Amid a national push by gun advocates to permit concealed carry on campuses, a new poll of college presidents found that 95 percent of them oppose measures to allow concealed weapons on campus. The reason cited by more than 9 out of 10 presidents was that concealed carry would lead to accidental shootings of students. And 65 percent of presidents are opposed to concealed weapons off campus, not just on campus.
The poll was conducted before last month's tragedy near the University of California at Santa Barbara, where six students were killed (three by shooting) by a disturbed man who vowed to punish college women for not finding him attractive.
Just over 400 college presidents responded to the survey -- a national sample from four-year institutions, public and private. The study was conducted by researchers at Ball State University and the University of Toledo and appears in The Journal of American College Health.
At least some presidents (a minority) have experience with owning guns. The survey found that 57 percent grew up in a home without a gun, and 79 percent did not own a firearm. Further, 5 percent of presidents have a valid permit to carry a concealed weapon.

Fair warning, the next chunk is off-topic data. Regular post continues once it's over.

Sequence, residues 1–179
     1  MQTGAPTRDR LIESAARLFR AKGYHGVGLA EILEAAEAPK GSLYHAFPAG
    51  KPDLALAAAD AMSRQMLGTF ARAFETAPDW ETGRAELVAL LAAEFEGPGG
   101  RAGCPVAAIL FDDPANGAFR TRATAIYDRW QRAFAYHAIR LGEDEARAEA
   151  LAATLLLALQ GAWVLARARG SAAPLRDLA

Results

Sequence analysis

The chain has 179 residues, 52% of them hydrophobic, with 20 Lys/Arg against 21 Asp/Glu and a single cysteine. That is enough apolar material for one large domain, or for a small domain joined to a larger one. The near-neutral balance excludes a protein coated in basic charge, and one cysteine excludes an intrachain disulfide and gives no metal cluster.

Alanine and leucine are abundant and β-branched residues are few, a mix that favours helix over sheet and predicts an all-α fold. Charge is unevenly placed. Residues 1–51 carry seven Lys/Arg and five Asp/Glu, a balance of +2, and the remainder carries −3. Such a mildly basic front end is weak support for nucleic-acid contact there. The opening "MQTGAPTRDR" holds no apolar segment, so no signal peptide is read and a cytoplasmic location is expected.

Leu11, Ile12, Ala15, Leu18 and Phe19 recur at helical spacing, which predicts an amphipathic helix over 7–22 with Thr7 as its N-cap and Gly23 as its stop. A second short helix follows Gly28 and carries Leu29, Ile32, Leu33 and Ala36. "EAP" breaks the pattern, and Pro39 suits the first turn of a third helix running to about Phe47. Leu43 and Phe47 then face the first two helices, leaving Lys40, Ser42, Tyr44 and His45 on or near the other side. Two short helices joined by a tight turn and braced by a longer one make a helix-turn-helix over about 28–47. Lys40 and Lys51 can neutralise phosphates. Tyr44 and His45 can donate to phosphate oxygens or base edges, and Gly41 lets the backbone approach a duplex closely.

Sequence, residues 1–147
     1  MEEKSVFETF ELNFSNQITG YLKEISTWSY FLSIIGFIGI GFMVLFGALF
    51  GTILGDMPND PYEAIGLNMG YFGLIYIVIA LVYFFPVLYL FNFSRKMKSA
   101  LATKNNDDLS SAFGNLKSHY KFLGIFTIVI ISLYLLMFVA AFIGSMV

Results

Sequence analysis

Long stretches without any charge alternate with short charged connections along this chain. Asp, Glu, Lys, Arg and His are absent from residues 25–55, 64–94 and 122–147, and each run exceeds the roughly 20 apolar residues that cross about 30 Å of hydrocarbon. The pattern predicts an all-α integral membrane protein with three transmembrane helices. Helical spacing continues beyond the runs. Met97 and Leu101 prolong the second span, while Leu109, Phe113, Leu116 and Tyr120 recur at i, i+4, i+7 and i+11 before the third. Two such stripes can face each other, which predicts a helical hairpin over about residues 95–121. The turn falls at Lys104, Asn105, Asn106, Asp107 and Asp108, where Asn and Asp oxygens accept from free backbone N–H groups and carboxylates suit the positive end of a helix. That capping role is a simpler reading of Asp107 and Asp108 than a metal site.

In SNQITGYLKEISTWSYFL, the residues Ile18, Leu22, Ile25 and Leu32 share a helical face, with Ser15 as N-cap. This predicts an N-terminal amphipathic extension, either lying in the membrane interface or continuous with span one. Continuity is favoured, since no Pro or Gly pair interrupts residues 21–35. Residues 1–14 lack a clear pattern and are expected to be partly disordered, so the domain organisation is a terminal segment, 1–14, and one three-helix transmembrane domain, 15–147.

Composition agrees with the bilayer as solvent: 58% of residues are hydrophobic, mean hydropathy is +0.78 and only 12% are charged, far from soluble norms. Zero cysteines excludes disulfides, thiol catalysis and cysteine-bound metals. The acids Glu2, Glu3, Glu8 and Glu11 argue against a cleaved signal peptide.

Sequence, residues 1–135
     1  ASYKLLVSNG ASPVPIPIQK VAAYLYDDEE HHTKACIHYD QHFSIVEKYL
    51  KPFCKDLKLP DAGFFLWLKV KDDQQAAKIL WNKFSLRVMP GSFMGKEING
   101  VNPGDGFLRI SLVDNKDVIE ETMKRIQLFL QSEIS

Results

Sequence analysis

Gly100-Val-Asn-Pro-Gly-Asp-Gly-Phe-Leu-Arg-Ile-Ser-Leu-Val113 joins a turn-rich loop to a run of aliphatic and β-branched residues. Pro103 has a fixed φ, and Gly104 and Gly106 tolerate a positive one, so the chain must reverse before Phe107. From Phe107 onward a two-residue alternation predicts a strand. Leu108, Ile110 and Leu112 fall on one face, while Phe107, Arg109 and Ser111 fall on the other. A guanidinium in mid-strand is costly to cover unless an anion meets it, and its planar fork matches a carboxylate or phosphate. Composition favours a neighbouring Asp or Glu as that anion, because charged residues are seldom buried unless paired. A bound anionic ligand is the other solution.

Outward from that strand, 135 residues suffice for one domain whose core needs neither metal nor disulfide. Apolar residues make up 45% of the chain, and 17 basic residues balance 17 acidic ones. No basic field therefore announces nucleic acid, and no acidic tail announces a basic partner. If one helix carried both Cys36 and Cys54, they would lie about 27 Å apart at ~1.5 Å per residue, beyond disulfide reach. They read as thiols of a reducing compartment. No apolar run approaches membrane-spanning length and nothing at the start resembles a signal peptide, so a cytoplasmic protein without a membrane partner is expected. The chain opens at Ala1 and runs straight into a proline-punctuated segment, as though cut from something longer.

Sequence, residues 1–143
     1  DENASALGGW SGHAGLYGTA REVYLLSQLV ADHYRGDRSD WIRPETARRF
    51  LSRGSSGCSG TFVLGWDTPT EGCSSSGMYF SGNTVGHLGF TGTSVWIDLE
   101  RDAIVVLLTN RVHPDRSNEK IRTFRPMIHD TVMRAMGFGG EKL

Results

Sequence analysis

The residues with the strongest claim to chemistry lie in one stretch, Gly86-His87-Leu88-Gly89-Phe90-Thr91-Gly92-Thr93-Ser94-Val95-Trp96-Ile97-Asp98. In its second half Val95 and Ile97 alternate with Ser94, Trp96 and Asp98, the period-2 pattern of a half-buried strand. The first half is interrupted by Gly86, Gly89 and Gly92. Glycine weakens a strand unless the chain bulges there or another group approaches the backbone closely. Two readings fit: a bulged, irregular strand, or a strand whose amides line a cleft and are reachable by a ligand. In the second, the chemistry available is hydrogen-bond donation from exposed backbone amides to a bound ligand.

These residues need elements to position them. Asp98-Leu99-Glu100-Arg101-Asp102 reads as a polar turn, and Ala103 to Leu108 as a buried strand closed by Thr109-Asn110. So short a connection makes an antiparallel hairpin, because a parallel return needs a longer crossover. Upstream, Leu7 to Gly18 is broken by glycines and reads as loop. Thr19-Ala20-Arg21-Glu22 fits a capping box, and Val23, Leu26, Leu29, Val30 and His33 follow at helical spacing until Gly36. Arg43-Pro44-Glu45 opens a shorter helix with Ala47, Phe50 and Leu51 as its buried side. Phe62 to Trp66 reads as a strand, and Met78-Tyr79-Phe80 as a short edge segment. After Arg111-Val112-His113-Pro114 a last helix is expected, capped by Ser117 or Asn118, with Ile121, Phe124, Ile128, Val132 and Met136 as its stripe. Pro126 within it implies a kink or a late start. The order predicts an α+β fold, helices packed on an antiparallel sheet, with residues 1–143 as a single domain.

Nearly all of the presidents (98 percent) said they thought students and faculty members felt safe on their campuses. And 92 percent said they thought most faculty members and students would feel unsafe if concealed handguns were permitted.
Seven percent of the presidents reported that there had been a crime on their campus in the last year in which a firearm was used by the perpetrator.
Last year, after the tragic killings in Newtown, Conn., the Association of American Universities and College Presidents for Gun Safety issued letters calling for, among other things, gun control. While many presidents signed the letters, others declined to do so, prompting debate at some campuses.